A starts to whine for an unwashed tomato, I pull it away from him. He cries himself to sleep in my lap.
The terrain alters as the train leaves Shaanxi and enters Gansu province. Low lying peaks fold into tea colored lakes. We emerge out of tunnels and hurtle on bridges built over swiftly flowing rivers. I look out the window lost for a while. Soon the hills turn into slender coned peaks carrying soft white puffs of cloud at their crests. Yellowing ginkgo trees spatter their brown flanks.
The dining car is noisy with chatter rising above the click-click of chopsticks. A river follows us doggedly only to disappear moments later under a highway gleaming with freshly fallen rain.
Dirt and soot dominate a bare landscape as we approach Lanzhou. ``Macabre’’, a Spanish tourist exclaims at the grimy and withdrawn scenery.
Outside the dusty industrial town a wide muddy river moves sluggishly, crisscrossed by suspension bridges every now and then. The city is depressingly filled with squalid scrap yards and smoke.
Strains of unfamiliar music echo from a radio somewhere. Soft murmurs of the smokers in the gallery and bursts of chatter from elsewhere filter into the vacuum. Wide awake now, A sits on my lap drawing elaborate squiggles in his sketchbook. R is sprawled on his bunk.
The train pulls into Xinning close to dinnertime. I get off the train to buy water. People all over the platform make a scramble for the train. A Tibetan woman runs down the platform. A Television crew follows the mad rush of people trying to board.
Back on the train R is awake and gone back to his Book. He has not stepped out of the cabin and spoken very little since morning. Later restless and tired, we get into a mindless argument over dinner. It is exhausting.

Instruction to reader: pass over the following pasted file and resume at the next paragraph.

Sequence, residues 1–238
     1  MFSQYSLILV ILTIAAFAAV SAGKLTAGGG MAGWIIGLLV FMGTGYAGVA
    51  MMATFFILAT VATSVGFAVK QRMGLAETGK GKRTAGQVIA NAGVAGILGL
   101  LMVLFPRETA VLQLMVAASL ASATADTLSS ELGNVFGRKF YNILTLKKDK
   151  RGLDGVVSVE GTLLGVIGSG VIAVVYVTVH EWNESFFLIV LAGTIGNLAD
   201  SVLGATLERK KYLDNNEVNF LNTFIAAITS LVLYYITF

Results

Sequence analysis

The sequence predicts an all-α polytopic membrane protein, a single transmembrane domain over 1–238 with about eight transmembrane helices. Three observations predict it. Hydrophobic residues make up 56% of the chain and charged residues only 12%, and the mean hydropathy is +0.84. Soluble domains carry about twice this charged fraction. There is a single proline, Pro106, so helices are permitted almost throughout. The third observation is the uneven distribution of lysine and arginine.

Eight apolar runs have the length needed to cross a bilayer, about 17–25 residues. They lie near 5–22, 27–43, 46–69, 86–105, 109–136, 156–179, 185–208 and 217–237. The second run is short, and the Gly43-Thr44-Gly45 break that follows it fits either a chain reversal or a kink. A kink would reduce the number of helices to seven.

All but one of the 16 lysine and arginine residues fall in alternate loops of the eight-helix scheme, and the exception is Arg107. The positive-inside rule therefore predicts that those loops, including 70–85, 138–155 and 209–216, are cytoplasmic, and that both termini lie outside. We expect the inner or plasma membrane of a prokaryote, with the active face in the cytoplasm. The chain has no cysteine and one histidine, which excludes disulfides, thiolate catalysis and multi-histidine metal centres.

I spread out a fresh white sheet on the bunk and take refuge in the descending darkness.
Am woken up in the middle of the night, A has wet the sheet. I help him change his clothes; a pang of remorse tugs at me for being impatient with him in the day. Heavy and incoherent, he promptly goes back to sleep.
R is up before me early next morning. He nods at me politely. We try not to look at each other too much.
It is still dark outside; the train is laboriously negotiating bends and curves on a steep mountainside. Gradually the scene begins to lighten. Brilliant white snow garnishes the dark chocolate colored earth in jagged shapes--stripes, meshes and zigzags. As the sun rises, snow covered mountains reflect its crimson blush in places. Soon we enter a valley flanked by deep snow on both sides.
We must have crossed Golmud in the wee hours of the morning. A stunning spectacle unfolds outside. The compartment is filled with piercing white light as the endless snow glistens in the morning sun. The train continues its slow ascent into the Kunlun Mountain range.
People huddle next to windows outside their cabins throughout the passage. Some murmur excitedly snapping their camera shutters away.
Snow covered mountain ranges on either side recede farther and farther away as flat grassland expands. Garish brown tread marks ploughed in the snow by a nonexistent truck follow us for a while before disappearing into the horizon. In a flash, the earth has changed color from a dark brown to mossy green. Hoards of donkeys and shaggy yaks graze here and there.